The Solar Eclipse Conference 2007
EurAstro report - Around SEC2007
Thanks to the organisational skills and human qualities of
Patrick & Joanne Poitevin, Mike Simmons, Ed Krupp and many others, the
Solar Eclipse Conference 2007 was a great success. Since the proceedings
of the conference itself will be made available by the organisers, we
concentrate on remarkable side aspects.
Part one - Californian observatories
On August 24th, before the official opening of the conference, the
attendees were given the rare opportunity of a guided tour of Mount Wilson
comprising the 100-inch 'Hooker' telescope with its dome open, and several
solar telescopes, from the veteran 'Snow' telescope to the 150-ft Solar
Fisheye view of the Hooker and its dome
The Snow coelostat
Inside the Solar Tower: from the lens to the focal plane
Sunset on the Solar Tower
The conference took place in the magnificent and fully renovated Griffith
Observatory, with its telescopes, sundials, planetary models, animations,
planetarium and much more.
Sundial at Griffith
Planets at Griffith
On August 27th, as a special add-on for EurAstro subscribers, a detailed
visit of the Palomar Observatory was organised, including the 200-inch
Hale Telescope - the world's most famous historical telescope, yet still a
workhorse of modern research. The guests were delighted by the highly
professional and friendly team of docents led by Scott Kardel.
The dome of the Hale Telescope
The tube of the Hale
The mount and the Hartmann test screen
It's not Oppenheimer - it's Prof. Dimitrie Olenici!
The interferometer among the trees
Part two - A magic eclipse
The lunar eclipse of August 28th 2007 was total from 09:52 to 11:23 UTC,
and lasted from 07:52 to 13:22 UTC including the penumbral phases.
Greatest eclipse occurred at 10:37 UTC i.e. 03:37 PDT.
SEC2007 attendees observed the TLE from all over California and beyond.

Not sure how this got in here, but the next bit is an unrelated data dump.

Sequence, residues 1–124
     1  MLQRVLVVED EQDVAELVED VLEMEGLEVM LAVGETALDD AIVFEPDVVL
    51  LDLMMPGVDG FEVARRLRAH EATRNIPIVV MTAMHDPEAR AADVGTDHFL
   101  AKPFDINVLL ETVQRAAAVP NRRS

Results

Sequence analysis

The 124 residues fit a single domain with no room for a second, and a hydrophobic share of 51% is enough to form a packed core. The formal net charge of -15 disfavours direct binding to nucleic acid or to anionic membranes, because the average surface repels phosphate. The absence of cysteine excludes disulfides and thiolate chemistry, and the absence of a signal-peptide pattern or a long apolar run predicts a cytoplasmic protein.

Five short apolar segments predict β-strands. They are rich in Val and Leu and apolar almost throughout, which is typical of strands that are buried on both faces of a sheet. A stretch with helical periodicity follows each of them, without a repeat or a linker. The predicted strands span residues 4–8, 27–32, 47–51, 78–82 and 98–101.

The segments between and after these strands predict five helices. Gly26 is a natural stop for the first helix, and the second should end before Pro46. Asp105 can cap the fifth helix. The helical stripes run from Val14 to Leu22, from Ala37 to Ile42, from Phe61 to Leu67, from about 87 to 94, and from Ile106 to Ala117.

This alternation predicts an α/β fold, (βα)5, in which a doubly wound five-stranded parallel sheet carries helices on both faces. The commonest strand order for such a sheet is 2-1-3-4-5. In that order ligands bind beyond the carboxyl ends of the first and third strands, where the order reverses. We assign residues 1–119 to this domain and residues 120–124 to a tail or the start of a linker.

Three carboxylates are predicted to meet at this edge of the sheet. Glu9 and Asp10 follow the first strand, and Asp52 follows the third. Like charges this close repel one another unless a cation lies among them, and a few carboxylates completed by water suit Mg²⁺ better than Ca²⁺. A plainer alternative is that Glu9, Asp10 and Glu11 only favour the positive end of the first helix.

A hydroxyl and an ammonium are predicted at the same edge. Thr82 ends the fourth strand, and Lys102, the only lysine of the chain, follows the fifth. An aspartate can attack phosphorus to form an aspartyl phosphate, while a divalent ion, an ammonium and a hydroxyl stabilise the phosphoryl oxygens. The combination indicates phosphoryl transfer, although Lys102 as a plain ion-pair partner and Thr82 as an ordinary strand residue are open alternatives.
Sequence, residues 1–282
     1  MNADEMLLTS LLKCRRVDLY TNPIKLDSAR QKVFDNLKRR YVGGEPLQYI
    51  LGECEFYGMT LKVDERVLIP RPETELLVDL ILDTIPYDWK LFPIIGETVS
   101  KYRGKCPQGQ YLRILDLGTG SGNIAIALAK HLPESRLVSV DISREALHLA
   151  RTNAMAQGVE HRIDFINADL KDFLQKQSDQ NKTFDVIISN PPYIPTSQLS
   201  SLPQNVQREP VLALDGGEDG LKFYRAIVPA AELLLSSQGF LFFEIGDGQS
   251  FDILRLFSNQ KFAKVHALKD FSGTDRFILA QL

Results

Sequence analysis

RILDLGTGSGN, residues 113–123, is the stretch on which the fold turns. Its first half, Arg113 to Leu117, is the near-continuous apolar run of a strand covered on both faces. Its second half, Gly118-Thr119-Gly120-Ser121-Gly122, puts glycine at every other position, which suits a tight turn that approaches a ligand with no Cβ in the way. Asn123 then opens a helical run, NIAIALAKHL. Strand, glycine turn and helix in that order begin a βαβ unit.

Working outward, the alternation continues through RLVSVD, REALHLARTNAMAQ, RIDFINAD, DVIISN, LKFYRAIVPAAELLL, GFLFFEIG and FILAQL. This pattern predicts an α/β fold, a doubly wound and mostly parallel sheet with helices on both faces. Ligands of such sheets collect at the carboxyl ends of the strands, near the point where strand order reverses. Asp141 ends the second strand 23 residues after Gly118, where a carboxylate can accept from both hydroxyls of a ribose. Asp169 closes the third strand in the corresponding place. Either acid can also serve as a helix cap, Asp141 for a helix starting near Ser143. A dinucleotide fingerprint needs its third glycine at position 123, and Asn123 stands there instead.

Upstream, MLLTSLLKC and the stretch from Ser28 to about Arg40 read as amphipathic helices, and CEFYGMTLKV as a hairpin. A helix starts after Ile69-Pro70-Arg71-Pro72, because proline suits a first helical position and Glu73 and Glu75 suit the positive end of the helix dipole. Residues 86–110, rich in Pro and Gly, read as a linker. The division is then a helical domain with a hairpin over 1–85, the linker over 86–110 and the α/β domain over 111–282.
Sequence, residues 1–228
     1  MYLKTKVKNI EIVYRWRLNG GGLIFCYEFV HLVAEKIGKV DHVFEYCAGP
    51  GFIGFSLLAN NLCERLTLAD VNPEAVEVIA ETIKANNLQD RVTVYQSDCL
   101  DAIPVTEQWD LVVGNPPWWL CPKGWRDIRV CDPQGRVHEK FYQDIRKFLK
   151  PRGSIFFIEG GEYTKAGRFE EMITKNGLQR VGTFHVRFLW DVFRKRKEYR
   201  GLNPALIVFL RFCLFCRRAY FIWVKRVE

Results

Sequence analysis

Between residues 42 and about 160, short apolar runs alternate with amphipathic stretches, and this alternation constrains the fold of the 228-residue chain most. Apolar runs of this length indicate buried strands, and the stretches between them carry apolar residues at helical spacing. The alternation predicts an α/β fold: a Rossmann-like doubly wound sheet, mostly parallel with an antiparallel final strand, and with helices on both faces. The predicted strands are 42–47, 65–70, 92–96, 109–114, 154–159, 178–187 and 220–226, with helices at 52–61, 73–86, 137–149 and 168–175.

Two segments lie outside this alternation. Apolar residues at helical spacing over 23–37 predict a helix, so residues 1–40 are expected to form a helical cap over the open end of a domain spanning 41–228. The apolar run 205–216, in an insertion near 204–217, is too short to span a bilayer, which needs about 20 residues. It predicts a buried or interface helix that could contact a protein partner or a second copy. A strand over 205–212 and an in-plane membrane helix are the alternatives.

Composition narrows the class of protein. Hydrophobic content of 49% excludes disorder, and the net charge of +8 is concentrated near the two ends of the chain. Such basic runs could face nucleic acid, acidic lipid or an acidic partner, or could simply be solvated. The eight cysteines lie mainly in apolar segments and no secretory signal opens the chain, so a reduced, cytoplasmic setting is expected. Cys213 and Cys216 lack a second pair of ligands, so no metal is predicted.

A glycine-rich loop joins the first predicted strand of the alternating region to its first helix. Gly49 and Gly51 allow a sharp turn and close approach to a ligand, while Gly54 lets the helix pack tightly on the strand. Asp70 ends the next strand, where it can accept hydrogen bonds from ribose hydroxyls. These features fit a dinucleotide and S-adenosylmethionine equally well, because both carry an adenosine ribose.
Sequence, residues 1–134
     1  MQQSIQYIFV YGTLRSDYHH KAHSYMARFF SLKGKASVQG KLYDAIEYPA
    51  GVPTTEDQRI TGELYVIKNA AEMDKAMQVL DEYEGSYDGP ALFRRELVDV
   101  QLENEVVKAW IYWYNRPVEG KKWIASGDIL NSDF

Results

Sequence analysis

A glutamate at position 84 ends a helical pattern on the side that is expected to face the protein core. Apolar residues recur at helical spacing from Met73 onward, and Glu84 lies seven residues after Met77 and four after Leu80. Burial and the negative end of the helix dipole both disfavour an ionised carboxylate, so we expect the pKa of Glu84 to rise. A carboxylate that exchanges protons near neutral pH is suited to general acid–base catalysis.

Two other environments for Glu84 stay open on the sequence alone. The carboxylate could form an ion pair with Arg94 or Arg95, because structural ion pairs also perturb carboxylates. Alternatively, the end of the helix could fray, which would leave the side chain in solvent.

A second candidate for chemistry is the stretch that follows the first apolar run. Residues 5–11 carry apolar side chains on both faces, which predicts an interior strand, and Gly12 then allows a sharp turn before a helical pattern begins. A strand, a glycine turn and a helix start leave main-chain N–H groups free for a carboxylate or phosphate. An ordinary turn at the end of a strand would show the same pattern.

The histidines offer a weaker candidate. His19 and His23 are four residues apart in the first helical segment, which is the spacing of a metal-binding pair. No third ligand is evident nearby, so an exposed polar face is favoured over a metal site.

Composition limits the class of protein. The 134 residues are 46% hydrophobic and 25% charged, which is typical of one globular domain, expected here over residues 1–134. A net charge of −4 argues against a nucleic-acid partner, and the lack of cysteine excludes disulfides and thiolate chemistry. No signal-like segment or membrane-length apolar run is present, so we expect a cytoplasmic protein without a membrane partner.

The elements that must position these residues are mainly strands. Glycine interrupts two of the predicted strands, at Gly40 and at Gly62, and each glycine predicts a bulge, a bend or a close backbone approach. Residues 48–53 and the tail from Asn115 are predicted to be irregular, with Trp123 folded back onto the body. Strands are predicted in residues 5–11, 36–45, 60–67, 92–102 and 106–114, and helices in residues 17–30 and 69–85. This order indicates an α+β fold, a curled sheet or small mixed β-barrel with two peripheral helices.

Yet I opted, with Susan and Lloyd Franklin, to simply stay at the
Glendale Hilton, the main hotel of the conference, in spite of nearly
certain air and light pollution at a location that close to downtown Los
Angeles. And it was a surprisingly good choice!
Half an hour into the penumbral eclipse, limb darkening was already
noticeable. The partial eclipse began, and the Moon got close to
In effect, the mock Mars was a red lamp at the top of a crane. Just for
fun, I had chosen a viewing spot such that the Moon would pass behind
the lamp. There was already a 'magic eclipse' with a red globe close to
the Moon back in 2004.
A multicultural group gathered around us. Word spread that we were
looking at an eclipse, although it was not clear, in some minds, whether
the eclipsed object was the Moon, the Sun (at 2 am...), or Mars. Indeed,
the urban legend according to which, in the night from August 27th to
August 28th, Mars would be as big as the Moon, had resurfaced. It wasn't
easy to debunk the legend, since the real Mars, that night, was not much
fainter than the eclipsed Moon! (In the image below, Mars is near the
middle, with Aldebaran to its right, close to the Hilton building, and
the Pleiades above them).
The totality was rather dark, Danjon 2 according to some observers.
Since the sky was remarkably transparent, it was worth going to the roof
of the hotel for the side show, which turned to be dramatic: the Moon
getting bright again, crescent Venus rising, and the Earth's shadow at
dawn, literally reaching to the Moon.
The eclipse ended shortly before moonset. A breathtaking
quasi-selenelion occurred then: an orange, oblate Moon setting while the
skyscrapers of downtown LA were already brilliantly lit, in orange hues
too, by the rising Sun.